Mainstream, VOL LIII, No 12, March 14, 2015
Reflections of a Socialist Feminist
Saturday 14 March 2015, by
The following article was written for Mainstream on the occasion of the International Women’s Day (March 8) but could not be used earlier as it reached us late.
I was sitting with a migrant worker from Manipur and played the song ‘Bread and Roses’ to her. The images with the song were of women fighting for an eight-hour day. I asked how she liked the song; but she had been watching the images and asked: “Did the women get an eight- hour day?” “Yes, at the time they did.” “But I work a twelve-hour shift and we do not have a union to take up our cause.” She is just one of the hundreds of thousands of migrant workers who are working without any protection of the existing labour laws and have no organisation to fight for their rights. They do not have any idea about the origins of the International Women’s Day.
I still remember March 8 in the early 1980s. I do not remember the exact year but I had just started practice in the Supreme Court. I had decided to join in the celebrations with my women friends in Kutsia Park in Old Delhi but the problem was that my client, a young doctor from Andhra Pradesh, was with me. He was wanted in a serious case for helping a top Naxalite leader escape the jail and his bail petition was to come up later that day.
I did not want to risk letting him wait for me in the Court while I went for the celebration because the notorious Andhra Police were in town. So I took him along to the Park and made him promise to make himself invisible behind a tree.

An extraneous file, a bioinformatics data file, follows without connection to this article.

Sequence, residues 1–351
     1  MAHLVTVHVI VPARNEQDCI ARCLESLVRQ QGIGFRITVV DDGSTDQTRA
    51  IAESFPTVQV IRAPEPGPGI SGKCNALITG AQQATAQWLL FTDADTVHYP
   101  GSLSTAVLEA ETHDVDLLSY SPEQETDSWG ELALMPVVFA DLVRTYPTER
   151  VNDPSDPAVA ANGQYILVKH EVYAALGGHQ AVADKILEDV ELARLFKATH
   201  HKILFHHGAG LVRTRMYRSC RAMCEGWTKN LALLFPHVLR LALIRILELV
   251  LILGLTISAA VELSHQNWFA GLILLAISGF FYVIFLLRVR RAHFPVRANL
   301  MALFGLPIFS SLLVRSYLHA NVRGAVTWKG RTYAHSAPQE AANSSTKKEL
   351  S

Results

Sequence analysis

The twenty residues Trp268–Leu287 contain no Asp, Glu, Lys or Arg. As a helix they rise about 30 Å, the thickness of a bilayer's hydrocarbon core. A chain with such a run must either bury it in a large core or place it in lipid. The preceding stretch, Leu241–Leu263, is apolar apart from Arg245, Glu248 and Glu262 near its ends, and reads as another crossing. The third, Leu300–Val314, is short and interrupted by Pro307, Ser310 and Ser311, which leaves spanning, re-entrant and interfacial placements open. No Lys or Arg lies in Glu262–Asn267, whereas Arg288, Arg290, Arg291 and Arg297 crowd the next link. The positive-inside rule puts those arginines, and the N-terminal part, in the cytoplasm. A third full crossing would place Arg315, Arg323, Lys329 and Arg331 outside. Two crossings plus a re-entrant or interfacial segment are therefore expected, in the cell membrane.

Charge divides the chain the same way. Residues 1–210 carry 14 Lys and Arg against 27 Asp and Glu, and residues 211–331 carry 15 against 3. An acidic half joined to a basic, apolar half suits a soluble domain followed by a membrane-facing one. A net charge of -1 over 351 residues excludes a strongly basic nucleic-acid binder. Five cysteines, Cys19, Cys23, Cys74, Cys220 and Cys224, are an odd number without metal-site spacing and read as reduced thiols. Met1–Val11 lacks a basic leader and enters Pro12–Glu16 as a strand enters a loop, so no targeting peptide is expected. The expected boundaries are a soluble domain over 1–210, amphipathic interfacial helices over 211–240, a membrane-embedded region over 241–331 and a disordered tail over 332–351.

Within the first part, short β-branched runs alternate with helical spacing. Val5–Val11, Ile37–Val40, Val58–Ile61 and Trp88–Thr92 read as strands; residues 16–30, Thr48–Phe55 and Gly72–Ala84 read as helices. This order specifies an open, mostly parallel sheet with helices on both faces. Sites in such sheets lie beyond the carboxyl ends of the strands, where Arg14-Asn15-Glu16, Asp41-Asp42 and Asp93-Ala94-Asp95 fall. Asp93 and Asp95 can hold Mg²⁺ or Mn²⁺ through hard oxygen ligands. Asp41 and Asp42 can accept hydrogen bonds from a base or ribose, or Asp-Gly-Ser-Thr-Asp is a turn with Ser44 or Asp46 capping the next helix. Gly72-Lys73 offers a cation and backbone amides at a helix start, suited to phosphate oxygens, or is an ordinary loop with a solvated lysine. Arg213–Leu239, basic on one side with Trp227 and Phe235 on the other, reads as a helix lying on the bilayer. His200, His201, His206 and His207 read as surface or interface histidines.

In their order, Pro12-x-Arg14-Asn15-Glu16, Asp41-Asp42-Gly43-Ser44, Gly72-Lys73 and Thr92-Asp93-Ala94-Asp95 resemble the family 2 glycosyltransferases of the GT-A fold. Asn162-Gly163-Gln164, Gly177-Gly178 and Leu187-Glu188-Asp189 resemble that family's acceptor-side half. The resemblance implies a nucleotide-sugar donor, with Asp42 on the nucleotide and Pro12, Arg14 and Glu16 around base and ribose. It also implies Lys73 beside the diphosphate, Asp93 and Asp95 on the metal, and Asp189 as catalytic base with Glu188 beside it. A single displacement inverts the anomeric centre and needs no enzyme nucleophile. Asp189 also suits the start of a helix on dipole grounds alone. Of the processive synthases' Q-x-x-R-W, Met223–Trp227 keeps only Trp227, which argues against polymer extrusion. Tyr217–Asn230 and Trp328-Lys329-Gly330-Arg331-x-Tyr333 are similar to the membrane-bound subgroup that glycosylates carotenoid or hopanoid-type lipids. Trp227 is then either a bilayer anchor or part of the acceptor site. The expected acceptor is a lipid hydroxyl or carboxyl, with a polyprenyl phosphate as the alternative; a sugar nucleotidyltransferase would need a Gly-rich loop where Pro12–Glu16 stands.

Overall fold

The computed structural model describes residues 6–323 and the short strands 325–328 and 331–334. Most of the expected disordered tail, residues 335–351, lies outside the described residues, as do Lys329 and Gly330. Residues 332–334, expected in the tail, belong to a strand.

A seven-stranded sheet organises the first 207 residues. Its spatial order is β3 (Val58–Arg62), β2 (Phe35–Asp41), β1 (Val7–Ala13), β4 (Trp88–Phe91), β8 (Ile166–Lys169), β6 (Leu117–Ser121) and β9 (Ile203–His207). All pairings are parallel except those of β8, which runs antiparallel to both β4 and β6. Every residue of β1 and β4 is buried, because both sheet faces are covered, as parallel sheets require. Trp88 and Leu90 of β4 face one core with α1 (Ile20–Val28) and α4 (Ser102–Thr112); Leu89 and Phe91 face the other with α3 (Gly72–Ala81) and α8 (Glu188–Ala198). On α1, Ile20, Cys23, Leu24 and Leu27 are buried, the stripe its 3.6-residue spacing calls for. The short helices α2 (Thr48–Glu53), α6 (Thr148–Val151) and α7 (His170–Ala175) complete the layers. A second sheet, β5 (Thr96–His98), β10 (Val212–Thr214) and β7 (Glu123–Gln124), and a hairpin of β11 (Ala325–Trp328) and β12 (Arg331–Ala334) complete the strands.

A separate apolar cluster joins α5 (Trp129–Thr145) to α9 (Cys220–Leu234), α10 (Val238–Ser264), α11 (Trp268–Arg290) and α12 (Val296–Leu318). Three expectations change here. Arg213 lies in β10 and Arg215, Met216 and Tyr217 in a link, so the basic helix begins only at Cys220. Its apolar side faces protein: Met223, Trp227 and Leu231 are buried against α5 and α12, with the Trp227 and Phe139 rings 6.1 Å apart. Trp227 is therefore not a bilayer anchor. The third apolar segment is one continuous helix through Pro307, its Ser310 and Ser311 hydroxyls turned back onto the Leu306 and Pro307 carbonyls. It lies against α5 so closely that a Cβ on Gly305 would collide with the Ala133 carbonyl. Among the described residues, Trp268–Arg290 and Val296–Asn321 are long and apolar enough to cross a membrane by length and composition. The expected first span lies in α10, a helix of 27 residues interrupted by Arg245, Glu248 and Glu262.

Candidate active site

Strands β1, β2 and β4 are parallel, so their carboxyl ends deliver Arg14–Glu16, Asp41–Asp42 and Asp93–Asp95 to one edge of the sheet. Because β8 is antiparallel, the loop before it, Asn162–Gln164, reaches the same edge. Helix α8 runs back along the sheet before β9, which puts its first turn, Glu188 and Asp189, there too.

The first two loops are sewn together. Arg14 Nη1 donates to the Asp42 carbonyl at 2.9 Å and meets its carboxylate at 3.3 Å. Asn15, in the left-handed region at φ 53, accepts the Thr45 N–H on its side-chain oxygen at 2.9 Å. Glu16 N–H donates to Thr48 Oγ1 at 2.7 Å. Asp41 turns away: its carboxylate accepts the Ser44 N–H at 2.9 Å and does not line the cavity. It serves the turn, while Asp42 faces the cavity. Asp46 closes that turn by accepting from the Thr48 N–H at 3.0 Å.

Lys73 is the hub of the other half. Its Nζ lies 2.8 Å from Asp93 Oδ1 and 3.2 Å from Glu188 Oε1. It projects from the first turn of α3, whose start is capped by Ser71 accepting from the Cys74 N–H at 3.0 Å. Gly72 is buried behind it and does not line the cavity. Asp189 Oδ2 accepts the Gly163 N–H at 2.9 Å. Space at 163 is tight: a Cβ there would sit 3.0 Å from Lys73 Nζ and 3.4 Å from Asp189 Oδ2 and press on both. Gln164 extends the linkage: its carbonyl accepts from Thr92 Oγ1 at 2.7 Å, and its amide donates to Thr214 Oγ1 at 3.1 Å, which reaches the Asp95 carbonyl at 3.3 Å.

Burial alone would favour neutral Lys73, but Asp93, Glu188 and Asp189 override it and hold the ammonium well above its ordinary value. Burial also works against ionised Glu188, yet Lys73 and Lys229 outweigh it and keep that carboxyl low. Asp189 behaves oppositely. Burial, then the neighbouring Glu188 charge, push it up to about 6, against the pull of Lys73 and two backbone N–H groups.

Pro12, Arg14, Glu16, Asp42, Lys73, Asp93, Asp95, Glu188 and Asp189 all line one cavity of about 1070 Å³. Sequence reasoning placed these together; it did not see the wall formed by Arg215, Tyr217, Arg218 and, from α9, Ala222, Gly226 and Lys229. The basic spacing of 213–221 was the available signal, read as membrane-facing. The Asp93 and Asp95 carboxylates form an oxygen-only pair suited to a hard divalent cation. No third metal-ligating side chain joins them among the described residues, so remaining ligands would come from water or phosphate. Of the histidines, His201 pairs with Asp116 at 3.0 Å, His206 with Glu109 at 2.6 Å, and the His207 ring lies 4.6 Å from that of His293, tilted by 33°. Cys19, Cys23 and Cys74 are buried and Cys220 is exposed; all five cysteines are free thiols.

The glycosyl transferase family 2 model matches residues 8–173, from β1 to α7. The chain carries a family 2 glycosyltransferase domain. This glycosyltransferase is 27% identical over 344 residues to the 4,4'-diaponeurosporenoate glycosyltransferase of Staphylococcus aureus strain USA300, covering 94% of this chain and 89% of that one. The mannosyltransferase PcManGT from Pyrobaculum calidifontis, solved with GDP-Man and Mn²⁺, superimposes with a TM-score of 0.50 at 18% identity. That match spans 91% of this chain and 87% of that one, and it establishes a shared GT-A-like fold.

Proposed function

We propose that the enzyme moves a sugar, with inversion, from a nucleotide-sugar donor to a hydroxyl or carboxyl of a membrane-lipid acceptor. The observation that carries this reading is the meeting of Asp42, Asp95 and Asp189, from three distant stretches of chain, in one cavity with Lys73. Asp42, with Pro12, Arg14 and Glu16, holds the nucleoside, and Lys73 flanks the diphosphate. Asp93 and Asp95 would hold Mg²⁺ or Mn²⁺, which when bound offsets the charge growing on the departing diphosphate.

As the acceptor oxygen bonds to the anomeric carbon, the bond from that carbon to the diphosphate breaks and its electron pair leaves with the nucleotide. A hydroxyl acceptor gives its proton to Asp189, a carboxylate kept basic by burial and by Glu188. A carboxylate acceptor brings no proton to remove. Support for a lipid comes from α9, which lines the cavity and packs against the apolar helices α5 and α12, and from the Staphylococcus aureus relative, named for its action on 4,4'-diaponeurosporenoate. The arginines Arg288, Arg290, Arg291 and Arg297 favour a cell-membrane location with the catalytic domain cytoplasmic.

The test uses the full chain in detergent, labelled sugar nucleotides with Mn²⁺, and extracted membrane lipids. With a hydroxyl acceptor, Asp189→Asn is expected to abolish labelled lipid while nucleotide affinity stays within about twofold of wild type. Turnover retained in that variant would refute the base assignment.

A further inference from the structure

I ran off to join more than a hundred women, mostly from the various slums in Delhi and some middle class activists. We had a drum and we sang and danced. It was one of the very few occasions I let go and danced with abandon. Then I went and picked up my comrade from behind the tree and went to Court and got him bail.
My heart was with the women shouting “hum Bharat ki Naari hain; phool nahin chingari hain” but my head was with the comrade who was fighting to change the world and I shouted as lustily: “Agar koi swarg hai to utaar la zamin par”, the swarg being the heaven of socialism. I did not stop to ask why there was a growing abyss between the feminists and Communists. After all, the historical origins of the International Women’s Day lay firmly and deeply in the Socialist movement.
Perhaps Uncle Nikhil sensed that I was troubled by the seeming contradiction between my commitment to socialism and being a woman. It was in the early seventies, when he took my classes at his home in Kaka Nagar trying to teach me the history of communism and instilling the Marxist methodology. On one of my birthdays he presented me a volume of writings by socialists brought out by New Masses. He marked one particular page for me in his tiny, precise writing.
I turned to the page: it was a poem called: ‘To a revolutionary girl’ by Maxwell Bodenheim. My favourite lines were: